Minnesota Original

S8 E5 | FULL EPISODE

Brandon Kuehn, Sally Power, Chiaki O'Brien, Sam Miltich

Paranormal artist Brandon Kuehn travels around Minnesota gathering stories that inspire his artwork. When she emigrated from Japan, Chiaki O’Brien brought her knowledge of Saori weaving to Minnesota. Sally Power specializes in the centuries-old art of paper marbling. Combing his American roots and Eastern European heritage, guitarist Sam Miltich found a home in jazz manouche.

AIRED: February 19, 2017 | 0:26:46
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TRANSCRIPT

[violin & acoustic guitar play Gypsy jazz]

[music only; no vocals]

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[keyboard and vibraphone play in syncopated rhythm]

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[soft squealing]

(Brandon Kuehn) Tonight we're at the Banfill-Locke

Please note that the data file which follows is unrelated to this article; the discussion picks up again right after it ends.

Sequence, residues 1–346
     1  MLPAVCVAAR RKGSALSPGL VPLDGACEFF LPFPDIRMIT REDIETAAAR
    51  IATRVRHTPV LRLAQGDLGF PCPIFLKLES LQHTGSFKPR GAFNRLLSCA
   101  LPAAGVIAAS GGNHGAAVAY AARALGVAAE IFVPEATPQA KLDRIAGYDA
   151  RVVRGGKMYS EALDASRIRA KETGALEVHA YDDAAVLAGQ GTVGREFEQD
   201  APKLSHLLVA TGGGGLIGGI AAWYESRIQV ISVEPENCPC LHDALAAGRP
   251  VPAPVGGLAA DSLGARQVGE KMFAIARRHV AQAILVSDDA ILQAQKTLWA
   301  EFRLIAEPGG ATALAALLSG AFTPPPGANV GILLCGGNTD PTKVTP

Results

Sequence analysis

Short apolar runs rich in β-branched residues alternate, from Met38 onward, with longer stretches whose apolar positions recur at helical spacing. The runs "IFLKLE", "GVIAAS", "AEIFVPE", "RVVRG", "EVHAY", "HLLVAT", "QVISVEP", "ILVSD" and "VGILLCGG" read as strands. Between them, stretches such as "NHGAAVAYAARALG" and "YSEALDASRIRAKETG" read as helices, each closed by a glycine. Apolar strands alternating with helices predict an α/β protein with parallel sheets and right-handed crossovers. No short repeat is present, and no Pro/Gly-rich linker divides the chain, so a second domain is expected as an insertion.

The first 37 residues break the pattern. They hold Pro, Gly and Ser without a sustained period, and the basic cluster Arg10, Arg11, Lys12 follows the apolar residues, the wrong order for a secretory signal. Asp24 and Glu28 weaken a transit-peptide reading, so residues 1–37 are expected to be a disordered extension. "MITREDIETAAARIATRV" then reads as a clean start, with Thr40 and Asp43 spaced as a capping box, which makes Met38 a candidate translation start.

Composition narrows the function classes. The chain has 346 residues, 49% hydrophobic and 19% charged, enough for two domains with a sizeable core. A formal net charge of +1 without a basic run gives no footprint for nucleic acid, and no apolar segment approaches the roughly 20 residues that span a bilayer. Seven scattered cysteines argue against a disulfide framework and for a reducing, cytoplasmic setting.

Center for the Arts in Fridley, Minnesota

with Kevin Swanson, ghost hunter extraordinaire.

(Kevin) It's going to be a fun evening

with the thunderstorm and the power going out,

we couldn't ask for anything better for an investigation.

We come in peace with only good intentions in our heart.

We hope that you have good intentions as well.

Don't be afraid, we're not here to hurt you.

We just want to communicate with you.

(Brandon) I'm very interested in the paranormal and the supernatural,

but I've never actually had my own experience

and I think that's a big part of wanting to make art about it,

sort of using my imagination.

I like to draw on other people's stories and sightings